LINCOLN — The Big Ten has a new bowl lineup and a new selection process, and the results were about as unpredictable as promised.
Nebraska will face USC on Dec. 27 in Holiday Bowl, where the Huskers played after the 2009 and 2010 seasons.
Consider that a pleasant surprise for those in San Diego, who worked in conjunction with Big Ten officials to choose a conference representative.
“In this new era of selection, anything can happen,” Holiday Bowl Executive Director Bruce Binkowski told the San Diego Union-Tribune. “Certain things happened that nobody has any control over, and we got a team (in Nebraska) that was not on our radar screen, but what a great team to get. It really is a marquee matchup.”
Things changed the moment that the playoff selection committee released its end-of-season poll. Mississippi State ranked seventh, one spot ahead of Michigan State — meaning that the Spartans wouldn’t be playing in the Orange Bowl and that a spot in the Citrus Bowl could be filled with a Big Ten team.
So each of the league’s eligible teams moved up a slot.
The Spartans went to the Cotton Bowl. Minnesota, a presumed Holiday Bowl participant before Sunday, was picked to play Missouri in Orlando. Wisconsin ended up in Tampa’s Outback Bowl.
Nebraska then got matched to the Holiday Bowl, which began a six-year relationship with the Big Ten this season.
“There’s a lot of freshness to it,” conference Commissioner Jim Delany told ESPN.com in regard to the league’s new selection process. “Partially because of new teams, partially because of new venues, partially because we moved teams around a little bit.”
The conference’s goal is to avoid repeat matchups and destinations going forward.
Though Nebraska’s been to San Diego recently, a tradition-rich, well-supported program with a 9-3 record and a No. 25 ranking in the Associated Press poll was apparently too tough for Holiday Bowl officials to pass up. The uncertainty surrounding the Huskers after Athletic Director Shawn Eichorst fired coach Bo Pelini last Sunday, then hired Oregon State’s Mike Riley on Thursday didn’t deter them, either.
Nebraska interim coach Barney Cotton indicated through a prepared statement that the Huskers are also thrilled to head to the West Coast.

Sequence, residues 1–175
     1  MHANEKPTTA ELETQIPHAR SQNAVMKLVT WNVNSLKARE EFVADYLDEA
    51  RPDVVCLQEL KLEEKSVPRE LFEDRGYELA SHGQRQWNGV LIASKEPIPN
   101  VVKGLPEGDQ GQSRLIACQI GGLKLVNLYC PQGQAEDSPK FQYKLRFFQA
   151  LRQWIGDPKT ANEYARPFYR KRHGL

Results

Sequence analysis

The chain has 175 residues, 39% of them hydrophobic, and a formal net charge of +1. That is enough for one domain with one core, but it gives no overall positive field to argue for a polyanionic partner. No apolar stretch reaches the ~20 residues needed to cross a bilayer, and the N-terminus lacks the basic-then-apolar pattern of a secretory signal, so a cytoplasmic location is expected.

“We look forward to the opportunity to take on USC in the Holiday Bowl, and the opportunity to finish our season with a trip to San Diego,” Cotton said. “Our goal as a coaching staff is to provide a great bowl experience and put this team in position for success in the Holiday Bowl. This team has outstanding character and leadership, and we would like nothing more than to send our seniors out with a second straight bowl victory and a 10-win season.”
Cotton, along with the other NU assistants, will lead the Huskers as they get ready for the bowl. Riley will not coach the game.
There should be elements of familiarity that make the preparation a little easier.
This will be the Huskers’ fourth trip to the Holiday Bowl, and the third in the past six postseason trips. NU beat Arizona in the 2009 game but lost to Washington in 2010.
That 2010 defeat came against a Steve Sarkisian-coached team, the second of three Nebraska-Washington matchups in a two-year span. NU won the other two games.
And now the Huskers will see Sarkisian again. He took over USC’s program this year.
The Trojans, who are 3-0-1 all time against NU, finished the season ranked 24th in the AP poll with an 8-4 record, including 6-3 in Pac-12 play.
“We get to play close to home and our fans will show up in force,” Sarkisian said in a press release. “They’ll get to see a pair of Top 25 teams with storied football heritages. Having been to the Holiday Bowl when I was at Washington, I know this bowl experience will be a good one for our players and fans.”
USC, which has never played in the Holiday Bowl, appeared to be the bowl’s preferred Pac-12 representative for a while.
“We’ve been wanting ’SC in the Holiday Bowl since we began our relationship with the Pac-12 in 1998,” Binkowski said.
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